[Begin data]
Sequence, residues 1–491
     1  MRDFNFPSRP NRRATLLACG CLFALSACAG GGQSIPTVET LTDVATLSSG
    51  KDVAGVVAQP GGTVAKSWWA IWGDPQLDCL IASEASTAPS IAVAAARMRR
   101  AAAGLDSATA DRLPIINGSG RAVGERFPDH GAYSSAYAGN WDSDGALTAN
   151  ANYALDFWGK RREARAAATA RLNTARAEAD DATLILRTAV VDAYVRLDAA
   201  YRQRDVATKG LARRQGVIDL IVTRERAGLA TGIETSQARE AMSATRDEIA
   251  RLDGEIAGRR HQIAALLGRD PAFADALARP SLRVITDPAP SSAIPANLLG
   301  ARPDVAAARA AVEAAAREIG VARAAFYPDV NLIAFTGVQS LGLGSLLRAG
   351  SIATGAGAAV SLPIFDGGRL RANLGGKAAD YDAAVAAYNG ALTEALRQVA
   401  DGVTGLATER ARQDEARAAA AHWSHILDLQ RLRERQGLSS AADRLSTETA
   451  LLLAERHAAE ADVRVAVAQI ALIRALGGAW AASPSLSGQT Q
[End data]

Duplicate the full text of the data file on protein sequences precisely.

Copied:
Sequence, residues 1–491
     1  MRDFNFPSRP NRRATLLACG CLFALSACAG GGQSIPTVET LTDVATLSSG
    51  KDVAGVVAQP GGTVAKSWWA IWGDPQLDCL IASEASTAPS IAVAAARMRR
   101  AAAGLDSATA DRLPIINGSG RAVGERFPDH GAYSSAYAGN WDSDGALTAN
   151  ANYALDFWGK RREARAAATA RLNTARAEAD DATLILRTAV VDAYVRLDAA
   201  YRQRDVATKG LARRQGVIDL IVTRERAGLA TGIETSQARE AMSATRDEIA
   251  RLDGEIAGRR HQIAALLGRD PAFADALARP SLRVITDPAP SSAIPANLLG
   301  ARPDVAAARA AVEAAAREIG VARAAFYPDV NLIAFTGVQS LGLGSLLRAG
   351  SIATGAGAAV SLPIFDGGRL RANLGGKAAD YDAAVAAYNG ALTEALRQVA
   401  DGVTGLATER ARQDEARAAA AHWSHILDLQ RLRERQGLSS AADRLSTETA
   451  LLLAERHAAE ADVRVAVAQI ALIRALGGAW AASPSLSGQT Q